Seated in the main dining room amidst dimly lit, wrought-iron chandeliers, marble-topped tables, rich, gold drapes and padded, leather banquettes, I feel as though I have slipped away to Morocco. The din of the happy diners furthers this feeling of hanging out in the heart of Marrakech instead of on the edge of Philly.
At Al Dar we invariably start the night with a traditional mezze of hummus and pita and, in my case, a regional beer such as Flying Fish or Brooklyn Lager. The main course soon follows. For Scott, it will be one of two favorite entrees – a falafel salad or chicken kebab. A regular, he sticks with what he loves.
As a relative newcomer to Al Dar, I feel compelled to sample as many dishes as possible. One week I might opt for moussaka or a falafel sandwich with a side of tzatziki or dolmathes and ful medames, a mixture of mashed fava beans, onion, garlic, lemon juice and olive oil. Another time I may splash out on pan-seared striped bass with artichokes, olives, capers and tomatoes. No matter what I choose, I can expect well-prepared, traditional Middle Eastern/Mediterrenean food.
Representing another region of the city and of world cuisine, the haute French-Mexican restaurant Paloma in Northeast Philadelphia is loved by my friends Elliot, Jim and Juan and now by my husband and me. Tucked into a corner of Castor Avenue, Paloma doesn’t bowl me over with its locale. Nor am I knocked out by a decor reminiscent of my late grandmother’s living room, complete with peeling wallpaper and potted plants. One bite of the first course, though, and I am hooked.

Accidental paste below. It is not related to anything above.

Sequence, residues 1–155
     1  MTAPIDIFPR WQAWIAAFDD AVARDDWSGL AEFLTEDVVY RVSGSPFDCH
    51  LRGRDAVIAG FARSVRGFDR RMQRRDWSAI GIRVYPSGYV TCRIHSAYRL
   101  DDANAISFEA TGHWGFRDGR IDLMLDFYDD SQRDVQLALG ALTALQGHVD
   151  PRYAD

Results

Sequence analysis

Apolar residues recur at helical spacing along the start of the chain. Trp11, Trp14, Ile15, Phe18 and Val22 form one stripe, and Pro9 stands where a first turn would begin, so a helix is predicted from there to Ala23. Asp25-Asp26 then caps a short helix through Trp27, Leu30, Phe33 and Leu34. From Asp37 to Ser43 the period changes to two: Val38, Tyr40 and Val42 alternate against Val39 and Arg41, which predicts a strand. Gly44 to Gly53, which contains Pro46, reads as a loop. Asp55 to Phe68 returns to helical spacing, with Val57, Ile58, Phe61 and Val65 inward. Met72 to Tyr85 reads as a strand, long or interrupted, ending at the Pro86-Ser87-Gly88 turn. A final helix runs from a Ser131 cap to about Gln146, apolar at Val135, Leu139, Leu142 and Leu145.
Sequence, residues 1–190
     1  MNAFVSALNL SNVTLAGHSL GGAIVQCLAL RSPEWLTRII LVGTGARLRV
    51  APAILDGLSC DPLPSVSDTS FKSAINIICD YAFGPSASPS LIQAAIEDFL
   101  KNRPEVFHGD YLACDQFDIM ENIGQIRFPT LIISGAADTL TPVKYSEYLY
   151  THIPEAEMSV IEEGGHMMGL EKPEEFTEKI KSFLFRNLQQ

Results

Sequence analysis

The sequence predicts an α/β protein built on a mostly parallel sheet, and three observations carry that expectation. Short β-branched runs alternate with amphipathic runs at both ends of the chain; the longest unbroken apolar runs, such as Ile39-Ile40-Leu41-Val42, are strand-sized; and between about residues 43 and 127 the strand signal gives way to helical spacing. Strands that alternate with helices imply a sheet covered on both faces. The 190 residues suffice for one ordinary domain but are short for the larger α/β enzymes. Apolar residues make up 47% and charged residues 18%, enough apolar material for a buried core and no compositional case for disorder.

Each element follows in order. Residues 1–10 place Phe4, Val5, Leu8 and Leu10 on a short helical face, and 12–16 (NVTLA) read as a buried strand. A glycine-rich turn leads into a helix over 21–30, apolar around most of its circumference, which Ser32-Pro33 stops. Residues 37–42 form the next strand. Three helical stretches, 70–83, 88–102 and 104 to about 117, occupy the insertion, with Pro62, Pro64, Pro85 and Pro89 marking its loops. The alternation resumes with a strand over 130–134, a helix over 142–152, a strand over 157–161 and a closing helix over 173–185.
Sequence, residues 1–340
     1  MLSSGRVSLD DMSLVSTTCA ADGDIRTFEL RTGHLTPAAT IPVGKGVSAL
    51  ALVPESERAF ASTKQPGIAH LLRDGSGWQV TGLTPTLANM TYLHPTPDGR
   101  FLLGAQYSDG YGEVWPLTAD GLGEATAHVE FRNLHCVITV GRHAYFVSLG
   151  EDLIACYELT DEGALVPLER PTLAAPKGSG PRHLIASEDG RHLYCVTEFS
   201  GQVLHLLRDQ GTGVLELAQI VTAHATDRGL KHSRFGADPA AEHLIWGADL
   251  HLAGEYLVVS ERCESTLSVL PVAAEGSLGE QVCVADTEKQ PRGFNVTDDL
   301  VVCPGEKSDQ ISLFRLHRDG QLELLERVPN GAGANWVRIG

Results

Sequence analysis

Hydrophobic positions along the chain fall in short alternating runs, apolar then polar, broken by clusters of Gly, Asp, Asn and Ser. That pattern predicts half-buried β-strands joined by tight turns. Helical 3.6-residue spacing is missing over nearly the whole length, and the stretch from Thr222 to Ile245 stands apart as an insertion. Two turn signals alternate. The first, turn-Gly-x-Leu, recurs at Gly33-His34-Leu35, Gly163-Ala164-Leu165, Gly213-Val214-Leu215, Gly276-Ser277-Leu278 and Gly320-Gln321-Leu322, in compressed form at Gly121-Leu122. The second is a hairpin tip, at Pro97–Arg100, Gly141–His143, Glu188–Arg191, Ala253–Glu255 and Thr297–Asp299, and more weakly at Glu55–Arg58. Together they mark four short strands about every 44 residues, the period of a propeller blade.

At Paloma there are no culinary misses. Every dish possesses the perfect pairing of flavors, balancing fresh Mexican herbs and spices with classical French cooking, and precise yet artful presentation. From the delicate wild mushroom flan appetizer to such entrees as the airy shrimp-vol-au-vent and crusty escolar al pipian, I am floored by the creations of Chef Adan Saavedra. Who knew that food this original — and good — existed? Elliot, Jim, Juan, and the voters at Zagat’s, that’s who!
The evening ends with a trio of vibrant, all natural sorbets. Made by the chef’s attorney-by-day/pastry-chef-by-night wife, they come in such exotic flavors as blackbery brandy, cactus pear, mango-habanero and the fuchsia-colored hibiscus flower. Definitely a festive end to an extraordinary meal, one that I never would have experienced had it not been for my food-savvy, Philly friends.
July 11th, 2008 § Comments Off § permalink